Richards family settled in Rose Hill area
Published 11:59 pm Friday, April 24, 2009
It appears that John J. Richards was the earliest ancestor of that family line to settle in Covington County. He was born in 1813 in North Carolina and was married circa 1836, supposedly in Marion County, Georgia, to Hanah Hathorn who was born in 1815 in Georgia. They had made their way by 1850 to Russell County, Alabama, where several of their youngest children were born. After farming there for a few years, they moved their large family to Covington County before 1860.
Around the beginning of the War for Southern Independence, the family moved to a farm at Horse Creek near Greenville in Butler County. In 1861, their son, John Joseph, enlisted in the 2nd Corps, Company B, 18th Alabama Infantry Regiment, Confederate Army, which was organized in Andalusia. He advanced to the rank of Sergeant in 1863, but he was captured and eventually sent to prison at Rock Island, Illinois. He was able to escape and made his way back home to Alabama. His brother, William Nicholas, served with him in the same unit, but William was killed in battle in 1863, probably at Chattanooga.
When the next son was old enough, John J. Richards enlisted in the Confederate Army along with him, Thomas Asberry, on March 31, 1862. John J. was 43 years old and was assigned to 4th Corps, Company E, 42nd Alabama Infantry Regiment. He was listed as sick in October of that year and left the army at some point afterwards. He was probably dismissed for medical reasons. Unfortunately, Thomas Asberry lost his life during the war. Since the youngest son, Francis Marion was only 15 years old at the end of the war, he was never able to serve.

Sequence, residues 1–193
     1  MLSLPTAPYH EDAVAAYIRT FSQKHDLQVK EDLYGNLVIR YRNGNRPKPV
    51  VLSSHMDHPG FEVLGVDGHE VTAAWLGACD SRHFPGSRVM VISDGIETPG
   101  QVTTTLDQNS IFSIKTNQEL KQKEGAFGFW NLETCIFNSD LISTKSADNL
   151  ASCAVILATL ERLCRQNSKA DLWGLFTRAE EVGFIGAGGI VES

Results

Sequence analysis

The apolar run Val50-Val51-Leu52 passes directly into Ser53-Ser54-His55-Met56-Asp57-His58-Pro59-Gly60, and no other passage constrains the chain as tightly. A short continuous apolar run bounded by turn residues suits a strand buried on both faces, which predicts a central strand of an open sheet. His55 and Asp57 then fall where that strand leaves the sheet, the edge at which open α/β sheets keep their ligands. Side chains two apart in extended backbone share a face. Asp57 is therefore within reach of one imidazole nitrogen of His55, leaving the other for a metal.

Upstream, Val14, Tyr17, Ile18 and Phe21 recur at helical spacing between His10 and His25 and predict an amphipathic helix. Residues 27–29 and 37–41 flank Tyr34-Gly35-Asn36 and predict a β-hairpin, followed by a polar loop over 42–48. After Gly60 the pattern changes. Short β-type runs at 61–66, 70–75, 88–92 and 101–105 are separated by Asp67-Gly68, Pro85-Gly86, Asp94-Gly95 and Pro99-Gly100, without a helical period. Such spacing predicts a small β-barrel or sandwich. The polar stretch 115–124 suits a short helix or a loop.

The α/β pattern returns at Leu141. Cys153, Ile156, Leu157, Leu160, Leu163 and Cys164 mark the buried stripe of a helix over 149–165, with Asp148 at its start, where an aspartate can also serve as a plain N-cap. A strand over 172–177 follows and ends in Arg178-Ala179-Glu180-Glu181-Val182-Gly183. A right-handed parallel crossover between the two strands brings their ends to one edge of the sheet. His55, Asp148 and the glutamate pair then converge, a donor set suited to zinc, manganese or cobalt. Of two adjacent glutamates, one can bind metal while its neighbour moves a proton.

John J. and Hanah Richards reared the following children: William Nicholas, b. 1837, d. 1863, m. Sarah J. ?; John Joseph, b. 1839, m. Celia Turberville (1845-1904); James Wesley, b. 1842, d. 1924, m. (1) Sarah (Merrill) Franklin (2) 1873 Arra Anne Bashaby Maloy; Thomas Asberry, b. 1844, d. ca 1863; Emelelne Elizabeth, b. 184, d. before 1850; Mary Susan, b. 1849, d. 1924, m. 1881 James C. Sutley (1853-1918); Francis Marion, b. 1852, d. 1913, m. Mary Elizabeth Bedgood (1859-1898); Martha Antramessta, b.1854, d. 1973; Sarah Caroline, b. 1856, d. 1873; and Hannah Jane, b. 1859, m. 1879 William Lawson.
It had to have been a very sad time for the family when the mother, Hanah, died in 1873, and the next day, two of her daughters, Martha Antramessta and Sarah Caroline, died. It was reported that they all died of complications associated with measles. A few months later, the father, John J. died in the same year. It is believed that all four of these relatives are buried in unmarked graves in the Rose Hill Cemetery in Rose Hill, Alabama.
John Joseph was the oldest son to survive the war and return to his home. He was born on November 23, 1839, probably in Marion County, Georgia. He was residing in his parents’ household in 1850 in Russell County, Alabama, but he had made it to Covington County by the 1860 census. During the early 1860s, he met and was married to Celia Turberville of the Rose Hill community. Celia was the daughter of another pioneer family in the area, Jesse and Celia Turberville. Celia was born in 1845 in South Carolina and died in 1904.
In 1861, John Joseph Richards and his older brother, William Nicholas Richards, enlisted in Company B., 18th Alabama infantry Regiment, CSA, in Andalusia. William N. lost his life during the war, but John J. returned, and the following account reveals some of his trials during that period.